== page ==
WASHINGTON – Republicans blocked a U.S. Senate bill Wednesday aimed at narrowing the pay gap between men and women, an election-year ritual that Democrats hope will help spur women to back them in this November’s congressional elections.
Republican lawmakers said the measure could hinder employers from granting raises, or permitting flexible hours in exchange for lower pay, for fear of costly lawsuits. For Democrats, the bill was the latest stressing income-fairness that they are pushing this campaign season. Others include proposals to extend jobless benefits, boost the minimum wage and help students and families afford college loans.
“Republicans in Congress continue to oppose serious efforts to create jobs, grow the economy, and level the playing field for working families,” President Barack Obama said in a written statement after the vote. “That’s wrong, and it’s harmful for our national efforts to rebuild an economy that gives every American who works hard a fair shot to get ahead.”
Republicans, whose campaign focus has been on an economy that is still recovering from a severe recession, said it was the Democratic bill itself that would wreak damage. They were backed by the U.S. Chamber of Commerce and other business groups.
Women averaged 77 percent of men’s earnings in 2012, according to Census Bureau figures. That is better than the 61 percent differential of 1960, but little changed since 2001.
While few deny workplace discrimination exists, politicians and analysts debate its extent.
Data shows that men tend to out-earn women at every level of education and in comparable jobs.
Yet women generally work shorter hours and are likelier to take lower-paying jobs. Sixty-two percent of the 3.3 million workers earning at or below the minimum wage last year were women, according to the federal Bureau of Labor Statistics.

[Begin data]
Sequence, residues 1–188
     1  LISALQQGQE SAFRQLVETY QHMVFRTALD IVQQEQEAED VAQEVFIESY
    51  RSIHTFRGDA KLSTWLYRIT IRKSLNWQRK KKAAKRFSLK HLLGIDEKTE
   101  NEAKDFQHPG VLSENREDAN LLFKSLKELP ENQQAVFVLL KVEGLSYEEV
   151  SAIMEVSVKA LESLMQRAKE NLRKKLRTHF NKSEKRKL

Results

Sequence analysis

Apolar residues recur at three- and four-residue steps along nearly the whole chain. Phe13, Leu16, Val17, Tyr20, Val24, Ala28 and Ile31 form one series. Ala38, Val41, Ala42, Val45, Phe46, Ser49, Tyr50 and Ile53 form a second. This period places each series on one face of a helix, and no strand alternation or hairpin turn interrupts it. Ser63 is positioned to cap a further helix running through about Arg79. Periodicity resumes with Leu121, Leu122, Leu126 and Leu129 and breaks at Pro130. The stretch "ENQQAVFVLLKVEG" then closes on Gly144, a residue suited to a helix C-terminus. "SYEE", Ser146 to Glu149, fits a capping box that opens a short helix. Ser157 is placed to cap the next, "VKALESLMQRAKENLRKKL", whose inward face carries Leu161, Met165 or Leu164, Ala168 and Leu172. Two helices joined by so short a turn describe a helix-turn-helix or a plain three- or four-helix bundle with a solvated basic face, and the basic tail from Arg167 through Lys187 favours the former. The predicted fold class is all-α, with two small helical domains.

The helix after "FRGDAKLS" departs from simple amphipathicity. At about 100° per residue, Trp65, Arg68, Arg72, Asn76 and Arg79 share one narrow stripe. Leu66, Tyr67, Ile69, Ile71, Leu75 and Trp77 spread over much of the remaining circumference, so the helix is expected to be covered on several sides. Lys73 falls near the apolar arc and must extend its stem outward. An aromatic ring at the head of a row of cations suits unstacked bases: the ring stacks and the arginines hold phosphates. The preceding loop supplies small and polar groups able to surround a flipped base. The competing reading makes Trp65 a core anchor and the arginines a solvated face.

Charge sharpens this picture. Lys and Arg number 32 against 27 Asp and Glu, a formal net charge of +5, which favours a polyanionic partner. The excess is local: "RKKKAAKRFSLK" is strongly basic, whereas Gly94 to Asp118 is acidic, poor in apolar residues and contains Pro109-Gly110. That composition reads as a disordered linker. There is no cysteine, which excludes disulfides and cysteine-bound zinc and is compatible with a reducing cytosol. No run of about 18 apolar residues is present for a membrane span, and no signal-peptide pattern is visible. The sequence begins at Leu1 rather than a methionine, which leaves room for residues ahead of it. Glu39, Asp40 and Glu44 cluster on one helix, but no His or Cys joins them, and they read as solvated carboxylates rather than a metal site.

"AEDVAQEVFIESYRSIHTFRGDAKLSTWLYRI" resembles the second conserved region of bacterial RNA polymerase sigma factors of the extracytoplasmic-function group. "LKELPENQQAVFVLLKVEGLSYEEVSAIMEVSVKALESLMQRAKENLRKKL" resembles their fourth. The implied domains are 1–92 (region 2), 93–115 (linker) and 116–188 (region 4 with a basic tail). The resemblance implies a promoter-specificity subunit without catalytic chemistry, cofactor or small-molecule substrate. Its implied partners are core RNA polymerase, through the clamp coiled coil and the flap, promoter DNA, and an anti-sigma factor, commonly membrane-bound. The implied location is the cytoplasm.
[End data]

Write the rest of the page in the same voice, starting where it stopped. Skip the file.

“At a time when the Obama economy is already hurting women so much, this legislation would double down on job loss — all while lining the pockets of trial lawyers,” said Senate Minority Leader Mitch McConnell, a Republican. “In other words, it’s just another Democrat idea that threatens to hurt the very people it claims to help.”
Democrats pushed the same legislation the last two election years, 2012 and 2010, only to see Senate Republicans scuttle the measures.
The bill by Sen. Barbara Mikulski, a Democrat, is aimed at tightening the 1963 law that made it illegal to pay women less than men for comparable jobs because of their gender.
“When I hear all these phony reasons, some are mean and some are meaningless, I do get emotional,” she said of arguments against the legislation. “I get angry. I get outraged. I get volcanic.”
Mikulski was the latest Democrat to play off former CIA Director Michael Hayden’s recent comment that Senate Intelligence Committee Chairwoman Dianne Feinstein, a Democrat, was motivated by “emotional feeling” when she sought an investigation of the spy agency’s harsh treatment of terrorism suspects.
Her measure would shrink the loopholes employers can cite to justify such discrepancies and prevent them from punishing workers who share salary information. It would also make class-action suits about paycheck unfairness easier and allow workers to seek punitive and compensatory damages.
Wednesday’s vote was 53-44 for debating the legislation — seven fewer than Democrats needed to keep the bill moving forward. Every voting Republican was against continuing work on the measure.
Senate Majority Leader Harry Reid, a Democrat, switched to vote against the legislation — a maneuver that makes it easier for him to demand a future roll call on the bill. Top Democrats have promised to force Republicans to vote again on the issue before November.